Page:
- when, as Guido Fawkes has helpfully reminded us, he 'flipped' his properties, using what what can only be described as quite imaginative arguments, prior to the eruption of the expenses scandal in order to save himself rather a lot of tax.
As I wrote in 2009 (first link above) I expect he is no worse than very many other MPs, of all politcal parties, not to mention other well-known figures or obscure citizens for that matter, but it sticks in my throat to see him (and indeed David Cameron, the Prime Minister, last week) taking to the airwaves to lambast people like Jimmie Carr (horrible left-wing hyposite that he is, too) exploiting perfectly legal - for the moment at least - loopholes in the law to minimise his tax liability.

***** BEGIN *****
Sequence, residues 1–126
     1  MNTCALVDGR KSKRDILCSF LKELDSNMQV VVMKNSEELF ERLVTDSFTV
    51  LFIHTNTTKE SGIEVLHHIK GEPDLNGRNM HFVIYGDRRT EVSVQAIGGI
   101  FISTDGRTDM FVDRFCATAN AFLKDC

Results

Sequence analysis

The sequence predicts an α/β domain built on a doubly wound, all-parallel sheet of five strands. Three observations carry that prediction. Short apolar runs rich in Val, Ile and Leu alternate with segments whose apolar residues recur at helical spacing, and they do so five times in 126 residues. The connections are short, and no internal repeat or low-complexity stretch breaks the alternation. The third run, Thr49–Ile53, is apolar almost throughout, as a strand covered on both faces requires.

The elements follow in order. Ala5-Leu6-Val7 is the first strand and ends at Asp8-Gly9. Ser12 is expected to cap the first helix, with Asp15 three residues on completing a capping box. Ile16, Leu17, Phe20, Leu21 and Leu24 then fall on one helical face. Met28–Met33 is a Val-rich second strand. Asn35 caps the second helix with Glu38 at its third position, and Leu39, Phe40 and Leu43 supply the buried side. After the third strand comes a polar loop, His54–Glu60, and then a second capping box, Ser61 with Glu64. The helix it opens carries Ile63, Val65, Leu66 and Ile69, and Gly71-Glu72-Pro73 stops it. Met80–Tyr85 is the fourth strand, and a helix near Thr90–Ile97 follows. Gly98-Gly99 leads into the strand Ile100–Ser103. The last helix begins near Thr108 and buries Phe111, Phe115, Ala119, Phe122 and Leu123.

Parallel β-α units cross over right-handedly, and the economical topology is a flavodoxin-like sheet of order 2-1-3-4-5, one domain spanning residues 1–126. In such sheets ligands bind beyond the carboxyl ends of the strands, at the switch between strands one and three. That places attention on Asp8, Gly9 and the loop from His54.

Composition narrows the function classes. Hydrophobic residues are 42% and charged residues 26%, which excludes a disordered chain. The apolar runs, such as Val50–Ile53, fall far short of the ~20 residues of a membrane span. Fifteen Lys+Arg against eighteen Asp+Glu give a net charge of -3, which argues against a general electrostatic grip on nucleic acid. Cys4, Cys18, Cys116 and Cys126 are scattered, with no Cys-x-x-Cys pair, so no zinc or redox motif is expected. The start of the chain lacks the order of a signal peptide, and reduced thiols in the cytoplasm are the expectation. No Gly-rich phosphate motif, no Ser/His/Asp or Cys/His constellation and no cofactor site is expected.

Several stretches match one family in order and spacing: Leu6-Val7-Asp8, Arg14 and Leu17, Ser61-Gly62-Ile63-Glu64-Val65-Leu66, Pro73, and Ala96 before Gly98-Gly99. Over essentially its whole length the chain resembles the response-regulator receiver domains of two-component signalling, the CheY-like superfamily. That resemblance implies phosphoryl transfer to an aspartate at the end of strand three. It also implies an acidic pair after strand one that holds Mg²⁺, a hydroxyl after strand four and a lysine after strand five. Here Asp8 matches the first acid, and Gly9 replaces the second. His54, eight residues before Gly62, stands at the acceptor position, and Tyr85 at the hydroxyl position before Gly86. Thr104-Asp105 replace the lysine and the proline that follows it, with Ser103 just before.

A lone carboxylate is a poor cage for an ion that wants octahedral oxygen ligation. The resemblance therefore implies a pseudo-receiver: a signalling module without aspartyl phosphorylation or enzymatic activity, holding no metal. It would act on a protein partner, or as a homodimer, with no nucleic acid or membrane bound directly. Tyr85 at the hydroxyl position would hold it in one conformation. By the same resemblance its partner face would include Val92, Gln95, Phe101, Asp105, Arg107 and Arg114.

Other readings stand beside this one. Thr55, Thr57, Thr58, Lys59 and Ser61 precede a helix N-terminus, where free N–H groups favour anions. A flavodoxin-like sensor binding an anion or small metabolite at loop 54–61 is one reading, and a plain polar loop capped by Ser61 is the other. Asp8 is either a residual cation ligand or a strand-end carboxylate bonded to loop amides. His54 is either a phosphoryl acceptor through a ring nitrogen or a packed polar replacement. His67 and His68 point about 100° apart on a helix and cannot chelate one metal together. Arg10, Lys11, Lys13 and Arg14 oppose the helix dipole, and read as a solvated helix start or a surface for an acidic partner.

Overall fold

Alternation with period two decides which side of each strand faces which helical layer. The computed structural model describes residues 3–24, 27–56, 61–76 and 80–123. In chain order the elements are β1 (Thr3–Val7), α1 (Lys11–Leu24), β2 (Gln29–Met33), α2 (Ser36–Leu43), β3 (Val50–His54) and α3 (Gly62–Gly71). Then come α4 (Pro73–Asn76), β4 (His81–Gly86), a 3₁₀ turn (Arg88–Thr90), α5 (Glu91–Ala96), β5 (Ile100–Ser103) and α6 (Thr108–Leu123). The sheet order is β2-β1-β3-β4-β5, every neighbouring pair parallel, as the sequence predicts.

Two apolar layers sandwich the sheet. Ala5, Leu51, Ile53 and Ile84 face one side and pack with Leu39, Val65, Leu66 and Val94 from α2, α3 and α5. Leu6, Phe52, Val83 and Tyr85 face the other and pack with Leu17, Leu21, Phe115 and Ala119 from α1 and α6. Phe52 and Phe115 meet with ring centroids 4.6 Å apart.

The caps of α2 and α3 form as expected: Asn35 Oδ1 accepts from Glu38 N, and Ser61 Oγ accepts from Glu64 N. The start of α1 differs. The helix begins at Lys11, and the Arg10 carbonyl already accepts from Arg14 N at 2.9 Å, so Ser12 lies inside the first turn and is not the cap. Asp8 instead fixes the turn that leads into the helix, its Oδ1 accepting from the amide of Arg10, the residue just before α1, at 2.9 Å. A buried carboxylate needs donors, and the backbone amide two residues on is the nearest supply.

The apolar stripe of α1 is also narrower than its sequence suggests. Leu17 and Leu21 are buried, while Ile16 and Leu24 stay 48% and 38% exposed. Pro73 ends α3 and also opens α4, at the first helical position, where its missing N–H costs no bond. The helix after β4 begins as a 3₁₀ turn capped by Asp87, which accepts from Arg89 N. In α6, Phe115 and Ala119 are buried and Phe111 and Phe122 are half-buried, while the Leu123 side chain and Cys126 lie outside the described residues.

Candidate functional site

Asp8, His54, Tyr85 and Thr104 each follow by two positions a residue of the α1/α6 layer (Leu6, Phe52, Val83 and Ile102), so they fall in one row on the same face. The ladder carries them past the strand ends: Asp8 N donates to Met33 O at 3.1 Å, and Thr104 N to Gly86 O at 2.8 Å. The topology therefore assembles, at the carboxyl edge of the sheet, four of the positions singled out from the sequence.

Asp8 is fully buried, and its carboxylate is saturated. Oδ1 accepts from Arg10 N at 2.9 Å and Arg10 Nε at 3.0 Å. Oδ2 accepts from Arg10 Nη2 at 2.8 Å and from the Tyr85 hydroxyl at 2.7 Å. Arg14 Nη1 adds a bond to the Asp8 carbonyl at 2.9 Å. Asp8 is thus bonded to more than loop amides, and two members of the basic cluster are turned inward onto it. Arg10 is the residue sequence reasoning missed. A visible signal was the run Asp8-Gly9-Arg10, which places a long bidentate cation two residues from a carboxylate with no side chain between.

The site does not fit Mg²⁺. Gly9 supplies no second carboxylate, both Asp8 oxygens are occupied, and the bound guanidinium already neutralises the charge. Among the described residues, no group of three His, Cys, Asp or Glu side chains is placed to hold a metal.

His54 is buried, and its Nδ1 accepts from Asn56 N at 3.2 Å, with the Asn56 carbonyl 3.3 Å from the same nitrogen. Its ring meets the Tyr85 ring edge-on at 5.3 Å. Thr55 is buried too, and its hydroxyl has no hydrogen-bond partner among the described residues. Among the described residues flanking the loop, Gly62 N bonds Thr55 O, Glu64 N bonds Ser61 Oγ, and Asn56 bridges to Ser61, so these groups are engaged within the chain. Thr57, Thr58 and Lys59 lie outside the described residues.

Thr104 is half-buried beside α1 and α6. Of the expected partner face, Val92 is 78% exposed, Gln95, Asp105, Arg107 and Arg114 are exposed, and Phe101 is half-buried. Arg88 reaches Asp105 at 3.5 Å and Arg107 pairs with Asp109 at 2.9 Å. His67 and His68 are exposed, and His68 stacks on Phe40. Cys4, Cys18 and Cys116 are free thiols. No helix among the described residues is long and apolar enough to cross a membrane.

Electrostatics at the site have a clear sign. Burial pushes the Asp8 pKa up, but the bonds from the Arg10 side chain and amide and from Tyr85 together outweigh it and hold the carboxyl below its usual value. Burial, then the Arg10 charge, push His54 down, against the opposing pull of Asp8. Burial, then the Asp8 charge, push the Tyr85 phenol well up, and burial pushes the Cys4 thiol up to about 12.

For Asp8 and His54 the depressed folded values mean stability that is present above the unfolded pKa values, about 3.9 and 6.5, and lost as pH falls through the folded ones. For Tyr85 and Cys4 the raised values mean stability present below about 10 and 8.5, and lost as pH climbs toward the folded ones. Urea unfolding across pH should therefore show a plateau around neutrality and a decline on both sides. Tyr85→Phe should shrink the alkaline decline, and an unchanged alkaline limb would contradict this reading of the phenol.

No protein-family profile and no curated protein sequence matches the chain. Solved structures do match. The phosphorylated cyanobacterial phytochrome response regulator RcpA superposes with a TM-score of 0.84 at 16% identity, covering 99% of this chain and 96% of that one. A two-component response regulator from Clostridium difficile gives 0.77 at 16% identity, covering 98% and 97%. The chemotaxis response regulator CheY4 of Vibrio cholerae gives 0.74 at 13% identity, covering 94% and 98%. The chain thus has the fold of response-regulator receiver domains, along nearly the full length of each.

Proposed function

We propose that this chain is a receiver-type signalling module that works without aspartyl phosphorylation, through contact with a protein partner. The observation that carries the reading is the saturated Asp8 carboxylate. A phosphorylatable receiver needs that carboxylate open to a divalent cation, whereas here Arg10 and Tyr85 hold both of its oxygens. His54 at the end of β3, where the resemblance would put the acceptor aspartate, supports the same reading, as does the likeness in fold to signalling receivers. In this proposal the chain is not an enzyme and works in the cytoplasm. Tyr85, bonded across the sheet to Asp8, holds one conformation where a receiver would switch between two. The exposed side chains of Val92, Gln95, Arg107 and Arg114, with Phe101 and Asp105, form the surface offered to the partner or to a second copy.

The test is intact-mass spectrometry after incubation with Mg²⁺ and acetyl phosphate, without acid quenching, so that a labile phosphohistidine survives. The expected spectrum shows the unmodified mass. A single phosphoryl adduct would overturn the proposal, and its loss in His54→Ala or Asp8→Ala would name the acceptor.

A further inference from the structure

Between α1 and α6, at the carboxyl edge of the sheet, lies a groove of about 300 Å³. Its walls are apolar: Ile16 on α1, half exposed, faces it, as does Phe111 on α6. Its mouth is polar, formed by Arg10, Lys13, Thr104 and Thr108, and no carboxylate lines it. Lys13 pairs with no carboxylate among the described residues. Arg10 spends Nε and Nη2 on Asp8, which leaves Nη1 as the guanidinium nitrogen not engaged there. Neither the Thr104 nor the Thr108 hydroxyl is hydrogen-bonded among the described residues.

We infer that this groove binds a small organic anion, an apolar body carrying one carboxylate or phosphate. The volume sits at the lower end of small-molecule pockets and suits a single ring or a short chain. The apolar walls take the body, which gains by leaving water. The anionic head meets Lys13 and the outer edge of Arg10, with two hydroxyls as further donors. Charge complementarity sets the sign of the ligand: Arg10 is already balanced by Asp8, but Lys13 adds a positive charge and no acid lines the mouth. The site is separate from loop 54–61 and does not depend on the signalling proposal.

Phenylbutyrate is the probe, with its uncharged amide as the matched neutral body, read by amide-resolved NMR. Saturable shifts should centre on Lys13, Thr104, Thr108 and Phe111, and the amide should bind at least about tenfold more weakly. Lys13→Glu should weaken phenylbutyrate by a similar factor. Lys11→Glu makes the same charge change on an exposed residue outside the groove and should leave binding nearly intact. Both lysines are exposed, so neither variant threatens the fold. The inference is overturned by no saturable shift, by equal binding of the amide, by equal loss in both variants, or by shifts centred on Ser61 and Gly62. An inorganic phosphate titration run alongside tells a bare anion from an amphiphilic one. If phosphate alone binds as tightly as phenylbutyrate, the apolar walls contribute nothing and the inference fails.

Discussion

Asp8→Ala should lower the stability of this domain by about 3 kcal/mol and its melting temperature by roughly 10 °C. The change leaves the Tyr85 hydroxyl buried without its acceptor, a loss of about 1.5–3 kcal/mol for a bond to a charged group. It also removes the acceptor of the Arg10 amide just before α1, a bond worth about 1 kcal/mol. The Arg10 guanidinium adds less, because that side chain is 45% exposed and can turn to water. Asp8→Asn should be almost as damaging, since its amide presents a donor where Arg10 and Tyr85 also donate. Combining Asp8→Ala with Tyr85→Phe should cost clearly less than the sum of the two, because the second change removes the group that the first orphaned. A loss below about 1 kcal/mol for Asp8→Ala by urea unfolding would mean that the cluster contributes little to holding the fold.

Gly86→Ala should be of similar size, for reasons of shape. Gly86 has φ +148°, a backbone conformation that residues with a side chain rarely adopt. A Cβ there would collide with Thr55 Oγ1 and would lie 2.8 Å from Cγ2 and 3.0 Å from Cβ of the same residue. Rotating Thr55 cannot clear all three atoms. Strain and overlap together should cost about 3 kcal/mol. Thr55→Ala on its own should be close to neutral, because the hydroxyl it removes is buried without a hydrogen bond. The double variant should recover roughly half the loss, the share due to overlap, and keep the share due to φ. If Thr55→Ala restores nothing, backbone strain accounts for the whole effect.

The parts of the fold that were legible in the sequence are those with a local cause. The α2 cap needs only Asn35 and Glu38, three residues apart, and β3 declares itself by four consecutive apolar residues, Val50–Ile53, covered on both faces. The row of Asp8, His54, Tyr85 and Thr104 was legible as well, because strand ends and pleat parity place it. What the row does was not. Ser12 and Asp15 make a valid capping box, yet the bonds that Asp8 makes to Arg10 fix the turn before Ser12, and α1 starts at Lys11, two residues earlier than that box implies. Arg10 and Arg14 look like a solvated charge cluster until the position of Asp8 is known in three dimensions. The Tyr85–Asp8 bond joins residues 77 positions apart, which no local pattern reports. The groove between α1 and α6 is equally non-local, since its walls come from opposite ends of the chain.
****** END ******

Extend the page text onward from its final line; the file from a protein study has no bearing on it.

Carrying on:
It is NOT moral, or in any way sensible, to maximise voluntarily one's tax liability to the State, merely so that it can squander it - this is NOT (surprisingly enough from me - Ed) a political rant against any particular political party. What it is, though, is a very clear statement of my view that one is obliged to pay only what the law prescribes as being due in tax, not a penny more nor a penny less. There is no question of 'morality' being involved - we are a country governed by the rule of law, not the moral prejudices of partisan individuals or newspapers.
So, Mr Alexander (and Mr Cameron or any Labour [or SNP] politician for that matter), I think you should think more carefully before taking yourself to television studios to try and profit from the 'tabloid-style' prejudices being whipped up just now. Your own tax affairs and those of quite a few other politicians are by no means clear-cut, depending upon who is doing the interpreting of what is 'moral' or 'immoral'.
For myself, I prefer to look at what the law says. Period.